Terry Pratchett

My book shelf could be very easily split into two halves.  Terry Pratchett and related, then all the rest.  It also wouldn’t take a rocket scientist to figure out which half is more loved.  The rest is all pristine books, read once or twice and returned to their slot.  On the other hand, my Pratchett books are falling apart.  Some held together by pure force of will.  One is even splattered with Warhammer paint, from when I was young and thought those were two tasks I could do simultaneously.

My love of Terry Pratchett was sealed the first time I read The Amazing Maurice and his Educated Rodents.  I fell for it hook, line and sinker and since then I haven’t stopped.  Samuel Vimes and the City Watch were always my favourite and if you give me a few drinks and get me talking on economics it won’t be long until I bring up Vimes’s boot theory.  They weren’t alone however.  In fact, just this last month I finally picked up a new copy of The Light Fantastic, a book which I had lost many years before and hadn’t read since.  It shows a very different Discworld, one which was just starting out, but I still love it, I love all of those books.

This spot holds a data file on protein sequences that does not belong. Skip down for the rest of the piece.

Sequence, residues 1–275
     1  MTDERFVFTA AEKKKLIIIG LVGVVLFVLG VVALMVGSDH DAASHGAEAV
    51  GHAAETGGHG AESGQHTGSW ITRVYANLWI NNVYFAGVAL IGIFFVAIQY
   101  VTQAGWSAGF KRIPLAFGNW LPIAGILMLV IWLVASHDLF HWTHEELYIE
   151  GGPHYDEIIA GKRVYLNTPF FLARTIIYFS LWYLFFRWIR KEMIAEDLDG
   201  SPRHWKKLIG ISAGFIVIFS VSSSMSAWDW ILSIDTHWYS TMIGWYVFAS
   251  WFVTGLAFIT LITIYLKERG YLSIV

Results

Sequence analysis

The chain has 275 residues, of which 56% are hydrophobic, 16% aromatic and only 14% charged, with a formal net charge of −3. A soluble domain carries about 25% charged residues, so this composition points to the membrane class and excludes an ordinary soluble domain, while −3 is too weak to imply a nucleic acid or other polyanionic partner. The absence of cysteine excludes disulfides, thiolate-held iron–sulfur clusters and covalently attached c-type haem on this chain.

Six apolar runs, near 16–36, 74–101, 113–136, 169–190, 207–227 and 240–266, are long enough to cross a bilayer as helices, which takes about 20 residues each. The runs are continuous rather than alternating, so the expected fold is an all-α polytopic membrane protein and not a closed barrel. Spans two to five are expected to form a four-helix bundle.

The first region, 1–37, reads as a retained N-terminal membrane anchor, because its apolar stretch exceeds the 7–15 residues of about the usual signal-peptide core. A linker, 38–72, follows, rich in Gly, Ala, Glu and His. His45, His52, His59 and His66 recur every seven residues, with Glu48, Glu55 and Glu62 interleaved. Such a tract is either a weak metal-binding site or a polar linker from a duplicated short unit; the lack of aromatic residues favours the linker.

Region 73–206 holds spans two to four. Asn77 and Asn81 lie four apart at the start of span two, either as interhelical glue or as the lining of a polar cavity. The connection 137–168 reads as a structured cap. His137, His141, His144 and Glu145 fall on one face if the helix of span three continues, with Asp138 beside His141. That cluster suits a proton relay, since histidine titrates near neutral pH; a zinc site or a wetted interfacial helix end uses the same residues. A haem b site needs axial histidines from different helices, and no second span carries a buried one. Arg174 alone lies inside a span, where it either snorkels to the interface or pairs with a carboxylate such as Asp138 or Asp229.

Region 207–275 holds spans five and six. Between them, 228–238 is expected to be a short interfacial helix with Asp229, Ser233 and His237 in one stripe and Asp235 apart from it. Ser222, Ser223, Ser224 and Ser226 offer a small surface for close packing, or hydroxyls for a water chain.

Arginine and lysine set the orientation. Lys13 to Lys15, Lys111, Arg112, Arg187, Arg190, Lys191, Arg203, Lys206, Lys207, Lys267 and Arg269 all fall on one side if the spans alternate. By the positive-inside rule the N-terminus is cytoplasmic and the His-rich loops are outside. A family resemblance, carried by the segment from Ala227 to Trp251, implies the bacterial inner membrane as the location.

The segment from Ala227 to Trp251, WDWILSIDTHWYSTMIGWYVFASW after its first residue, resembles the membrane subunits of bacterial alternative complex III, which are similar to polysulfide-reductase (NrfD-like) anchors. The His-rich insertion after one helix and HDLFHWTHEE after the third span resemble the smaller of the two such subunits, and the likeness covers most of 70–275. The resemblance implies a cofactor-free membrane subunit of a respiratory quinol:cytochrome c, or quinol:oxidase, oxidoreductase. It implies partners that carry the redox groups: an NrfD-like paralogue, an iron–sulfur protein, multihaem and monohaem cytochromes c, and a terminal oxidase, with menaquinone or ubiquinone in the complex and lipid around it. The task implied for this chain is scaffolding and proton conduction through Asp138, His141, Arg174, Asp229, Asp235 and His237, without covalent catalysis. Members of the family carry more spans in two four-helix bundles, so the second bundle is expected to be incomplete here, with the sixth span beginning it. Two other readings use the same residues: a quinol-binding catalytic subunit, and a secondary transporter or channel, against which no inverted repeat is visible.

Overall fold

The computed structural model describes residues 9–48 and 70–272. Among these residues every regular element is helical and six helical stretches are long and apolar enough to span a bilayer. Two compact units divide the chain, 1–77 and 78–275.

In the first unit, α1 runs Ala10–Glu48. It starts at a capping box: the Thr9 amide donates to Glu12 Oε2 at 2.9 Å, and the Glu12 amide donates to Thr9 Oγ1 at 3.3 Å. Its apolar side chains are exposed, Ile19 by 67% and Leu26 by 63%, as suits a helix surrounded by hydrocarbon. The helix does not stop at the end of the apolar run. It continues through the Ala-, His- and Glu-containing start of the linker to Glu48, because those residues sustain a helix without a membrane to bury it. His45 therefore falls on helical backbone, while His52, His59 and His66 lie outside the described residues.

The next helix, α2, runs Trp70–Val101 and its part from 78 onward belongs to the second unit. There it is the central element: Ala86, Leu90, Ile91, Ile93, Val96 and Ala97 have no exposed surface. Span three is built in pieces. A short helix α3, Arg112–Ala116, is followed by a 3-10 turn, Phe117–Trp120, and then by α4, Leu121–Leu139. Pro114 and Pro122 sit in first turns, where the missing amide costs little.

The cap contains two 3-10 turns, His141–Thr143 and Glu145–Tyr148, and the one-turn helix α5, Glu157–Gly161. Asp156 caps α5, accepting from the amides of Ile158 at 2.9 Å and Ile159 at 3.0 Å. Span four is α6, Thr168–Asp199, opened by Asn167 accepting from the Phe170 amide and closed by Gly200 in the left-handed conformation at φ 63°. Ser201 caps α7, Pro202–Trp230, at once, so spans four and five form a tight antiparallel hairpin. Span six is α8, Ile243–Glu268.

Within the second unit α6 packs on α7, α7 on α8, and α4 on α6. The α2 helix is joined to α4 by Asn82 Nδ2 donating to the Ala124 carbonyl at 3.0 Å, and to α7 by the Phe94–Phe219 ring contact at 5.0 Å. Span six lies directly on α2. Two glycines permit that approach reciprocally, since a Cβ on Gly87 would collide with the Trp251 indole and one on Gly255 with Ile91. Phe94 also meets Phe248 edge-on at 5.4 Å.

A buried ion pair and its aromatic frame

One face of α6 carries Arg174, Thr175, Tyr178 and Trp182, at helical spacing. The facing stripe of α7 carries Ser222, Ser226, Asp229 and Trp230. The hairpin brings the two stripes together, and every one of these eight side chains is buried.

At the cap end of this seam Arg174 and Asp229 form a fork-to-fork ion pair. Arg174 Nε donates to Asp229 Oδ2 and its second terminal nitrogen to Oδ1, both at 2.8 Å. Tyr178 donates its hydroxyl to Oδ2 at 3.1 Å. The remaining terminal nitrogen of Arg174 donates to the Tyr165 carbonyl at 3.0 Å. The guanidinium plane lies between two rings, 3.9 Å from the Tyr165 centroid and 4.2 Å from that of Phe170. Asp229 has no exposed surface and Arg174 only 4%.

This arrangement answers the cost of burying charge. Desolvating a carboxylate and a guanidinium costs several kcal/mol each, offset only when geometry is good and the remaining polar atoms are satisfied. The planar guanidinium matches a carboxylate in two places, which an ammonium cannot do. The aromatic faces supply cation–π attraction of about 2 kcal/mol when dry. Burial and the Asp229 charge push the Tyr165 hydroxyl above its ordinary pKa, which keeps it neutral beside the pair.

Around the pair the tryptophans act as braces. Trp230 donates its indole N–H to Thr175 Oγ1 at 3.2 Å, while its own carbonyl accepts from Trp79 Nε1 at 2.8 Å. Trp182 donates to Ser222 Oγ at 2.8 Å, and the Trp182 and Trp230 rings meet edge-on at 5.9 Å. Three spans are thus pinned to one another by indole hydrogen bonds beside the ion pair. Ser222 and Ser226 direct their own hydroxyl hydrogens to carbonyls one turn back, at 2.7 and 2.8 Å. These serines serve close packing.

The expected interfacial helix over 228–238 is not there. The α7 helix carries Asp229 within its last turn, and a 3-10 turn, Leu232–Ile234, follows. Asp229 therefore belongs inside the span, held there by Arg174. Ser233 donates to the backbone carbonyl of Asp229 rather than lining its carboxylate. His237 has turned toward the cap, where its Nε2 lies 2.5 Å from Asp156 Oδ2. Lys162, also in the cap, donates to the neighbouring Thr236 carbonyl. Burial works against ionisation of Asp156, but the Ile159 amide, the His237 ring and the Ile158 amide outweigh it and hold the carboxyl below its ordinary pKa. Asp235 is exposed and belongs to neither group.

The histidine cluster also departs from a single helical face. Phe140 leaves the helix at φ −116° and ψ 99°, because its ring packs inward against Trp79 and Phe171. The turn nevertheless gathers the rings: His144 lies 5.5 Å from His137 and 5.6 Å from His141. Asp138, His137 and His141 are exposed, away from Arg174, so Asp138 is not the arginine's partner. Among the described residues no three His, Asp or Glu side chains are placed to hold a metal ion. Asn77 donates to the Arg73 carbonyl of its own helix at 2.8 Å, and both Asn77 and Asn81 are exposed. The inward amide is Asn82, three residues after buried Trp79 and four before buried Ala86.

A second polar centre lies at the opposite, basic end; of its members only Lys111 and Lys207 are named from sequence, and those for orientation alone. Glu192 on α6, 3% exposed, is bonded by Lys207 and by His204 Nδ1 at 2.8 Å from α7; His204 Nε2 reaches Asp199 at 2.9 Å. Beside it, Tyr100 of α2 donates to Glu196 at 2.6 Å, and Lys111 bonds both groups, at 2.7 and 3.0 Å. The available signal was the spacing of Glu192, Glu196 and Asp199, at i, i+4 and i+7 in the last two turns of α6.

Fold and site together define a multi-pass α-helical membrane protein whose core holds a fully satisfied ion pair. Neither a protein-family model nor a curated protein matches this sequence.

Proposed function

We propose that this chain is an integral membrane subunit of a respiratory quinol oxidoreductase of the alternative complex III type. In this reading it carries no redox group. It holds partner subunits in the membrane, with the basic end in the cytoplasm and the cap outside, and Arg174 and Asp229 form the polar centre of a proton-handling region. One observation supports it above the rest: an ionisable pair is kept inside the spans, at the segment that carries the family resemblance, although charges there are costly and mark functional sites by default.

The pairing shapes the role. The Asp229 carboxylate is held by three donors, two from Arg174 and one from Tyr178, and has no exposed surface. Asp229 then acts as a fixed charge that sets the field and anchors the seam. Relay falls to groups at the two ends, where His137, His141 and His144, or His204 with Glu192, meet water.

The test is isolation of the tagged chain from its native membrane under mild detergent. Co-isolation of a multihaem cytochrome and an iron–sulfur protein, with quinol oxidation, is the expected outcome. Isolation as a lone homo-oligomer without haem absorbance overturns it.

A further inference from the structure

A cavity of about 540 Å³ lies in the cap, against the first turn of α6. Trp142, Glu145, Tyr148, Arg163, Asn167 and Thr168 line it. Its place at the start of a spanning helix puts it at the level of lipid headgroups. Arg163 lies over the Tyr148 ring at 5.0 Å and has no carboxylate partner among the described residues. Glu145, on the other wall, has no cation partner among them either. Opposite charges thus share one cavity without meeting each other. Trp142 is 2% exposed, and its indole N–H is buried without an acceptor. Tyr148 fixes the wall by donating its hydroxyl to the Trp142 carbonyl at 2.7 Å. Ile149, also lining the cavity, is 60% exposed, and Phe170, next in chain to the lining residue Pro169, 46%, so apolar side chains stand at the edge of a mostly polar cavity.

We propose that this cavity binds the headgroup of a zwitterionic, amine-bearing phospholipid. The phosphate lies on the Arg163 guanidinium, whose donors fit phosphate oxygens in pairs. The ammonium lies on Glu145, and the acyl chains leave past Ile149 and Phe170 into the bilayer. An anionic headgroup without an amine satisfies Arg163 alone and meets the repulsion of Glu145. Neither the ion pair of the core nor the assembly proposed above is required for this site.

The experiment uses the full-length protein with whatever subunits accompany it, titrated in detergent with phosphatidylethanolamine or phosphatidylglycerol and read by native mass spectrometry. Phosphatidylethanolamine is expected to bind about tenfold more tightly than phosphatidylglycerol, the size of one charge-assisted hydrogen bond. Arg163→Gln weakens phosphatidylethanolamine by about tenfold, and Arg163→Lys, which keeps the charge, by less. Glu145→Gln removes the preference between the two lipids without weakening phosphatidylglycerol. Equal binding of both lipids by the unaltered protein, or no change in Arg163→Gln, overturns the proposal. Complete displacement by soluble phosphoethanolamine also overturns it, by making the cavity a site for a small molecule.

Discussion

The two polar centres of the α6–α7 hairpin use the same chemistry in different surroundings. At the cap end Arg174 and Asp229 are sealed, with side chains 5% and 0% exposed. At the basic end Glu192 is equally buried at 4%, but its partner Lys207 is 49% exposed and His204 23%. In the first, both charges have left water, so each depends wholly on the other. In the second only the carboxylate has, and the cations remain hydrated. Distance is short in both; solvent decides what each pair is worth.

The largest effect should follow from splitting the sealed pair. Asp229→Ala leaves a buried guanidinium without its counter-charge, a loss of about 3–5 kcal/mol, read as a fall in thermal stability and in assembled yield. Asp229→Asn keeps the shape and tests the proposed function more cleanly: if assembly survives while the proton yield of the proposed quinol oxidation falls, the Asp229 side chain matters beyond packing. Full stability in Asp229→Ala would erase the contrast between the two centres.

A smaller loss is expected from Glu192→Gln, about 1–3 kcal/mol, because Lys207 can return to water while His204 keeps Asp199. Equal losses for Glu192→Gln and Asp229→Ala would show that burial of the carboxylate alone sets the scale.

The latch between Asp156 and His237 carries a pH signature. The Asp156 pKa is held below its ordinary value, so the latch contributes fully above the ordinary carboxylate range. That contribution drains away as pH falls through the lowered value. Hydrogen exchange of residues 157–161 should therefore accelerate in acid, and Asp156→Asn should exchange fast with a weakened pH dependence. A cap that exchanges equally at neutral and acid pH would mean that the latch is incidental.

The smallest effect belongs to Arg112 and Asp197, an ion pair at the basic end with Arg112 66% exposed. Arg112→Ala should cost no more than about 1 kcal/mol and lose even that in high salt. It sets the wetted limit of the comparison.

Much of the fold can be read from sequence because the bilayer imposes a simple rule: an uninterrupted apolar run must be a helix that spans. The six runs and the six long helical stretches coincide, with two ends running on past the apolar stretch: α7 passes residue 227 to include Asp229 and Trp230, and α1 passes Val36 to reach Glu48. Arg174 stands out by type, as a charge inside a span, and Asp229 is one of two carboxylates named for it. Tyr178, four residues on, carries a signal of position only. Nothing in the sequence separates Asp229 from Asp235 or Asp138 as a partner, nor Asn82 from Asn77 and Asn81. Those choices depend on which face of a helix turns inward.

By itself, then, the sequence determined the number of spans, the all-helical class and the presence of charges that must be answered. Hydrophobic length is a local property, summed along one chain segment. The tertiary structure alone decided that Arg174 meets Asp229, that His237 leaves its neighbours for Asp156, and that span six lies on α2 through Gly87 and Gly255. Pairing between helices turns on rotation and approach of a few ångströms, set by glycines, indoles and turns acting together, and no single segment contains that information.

I’m going to keep this short, because there are a million people out there more qualified to talk about Sir Terry than I am.  I never met him.  And yet there are so many things that he has done for me.  On the shelf next to me is a children’s book I have been writing for the last few years and it is little more than a Pratchett rip off and if someday someone deigns it with those words I will be ecstatic.  The Discworld and Terry Pratchett’s works are a part of who I am and a world without the man who created them is a sadder one that it was before.

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